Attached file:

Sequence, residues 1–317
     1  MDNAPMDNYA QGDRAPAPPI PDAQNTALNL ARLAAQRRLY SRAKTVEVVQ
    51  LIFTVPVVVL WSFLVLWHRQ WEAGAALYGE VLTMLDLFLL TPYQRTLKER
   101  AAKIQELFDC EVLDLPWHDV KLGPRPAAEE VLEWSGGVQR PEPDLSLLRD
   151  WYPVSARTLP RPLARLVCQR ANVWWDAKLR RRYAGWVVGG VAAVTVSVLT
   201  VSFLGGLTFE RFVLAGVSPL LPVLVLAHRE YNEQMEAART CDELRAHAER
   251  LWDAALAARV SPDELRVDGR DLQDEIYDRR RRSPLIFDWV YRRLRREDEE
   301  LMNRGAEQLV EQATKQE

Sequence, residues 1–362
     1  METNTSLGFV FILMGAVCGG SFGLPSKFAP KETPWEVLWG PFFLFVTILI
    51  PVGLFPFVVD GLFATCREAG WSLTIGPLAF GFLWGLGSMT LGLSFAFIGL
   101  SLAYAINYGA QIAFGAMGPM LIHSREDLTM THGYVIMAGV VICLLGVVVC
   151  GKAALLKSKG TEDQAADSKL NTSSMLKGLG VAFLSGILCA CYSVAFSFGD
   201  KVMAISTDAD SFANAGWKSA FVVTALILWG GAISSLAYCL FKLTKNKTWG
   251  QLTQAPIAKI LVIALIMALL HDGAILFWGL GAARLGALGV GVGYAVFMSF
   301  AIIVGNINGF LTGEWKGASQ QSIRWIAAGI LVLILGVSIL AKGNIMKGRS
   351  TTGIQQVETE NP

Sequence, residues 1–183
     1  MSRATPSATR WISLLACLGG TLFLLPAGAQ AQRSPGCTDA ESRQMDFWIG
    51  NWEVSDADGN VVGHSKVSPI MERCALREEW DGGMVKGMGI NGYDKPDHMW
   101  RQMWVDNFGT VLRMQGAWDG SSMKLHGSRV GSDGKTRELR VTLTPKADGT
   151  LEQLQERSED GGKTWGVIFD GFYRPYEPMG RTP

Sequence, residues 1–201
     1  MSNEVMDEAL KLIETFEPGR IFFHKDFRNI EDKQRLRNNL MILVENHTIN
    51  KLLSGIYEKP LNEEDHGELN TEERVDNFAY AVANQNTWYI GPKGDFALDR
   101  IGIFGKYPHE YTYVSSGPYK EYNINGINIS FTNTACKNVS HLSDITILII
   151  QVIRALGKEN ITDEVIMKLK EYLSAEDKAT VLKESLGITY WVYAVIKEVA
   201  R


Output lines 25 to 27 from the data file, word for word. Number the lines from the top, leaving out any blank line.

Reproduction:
    51  KLLSGIYEKP LNEEDHGELN TEERVDNFAY AVANQNTWYI GPKGDFALDR
   101  IGIFGKYPHE YTYVSSGPYK EYNINGINIS FTNTACKNVS HLSDITILII
   151  QVIRALGKEN ITDEVIMKLK EYLSAEDKAT VLKESLGITY WVYAVIKEVA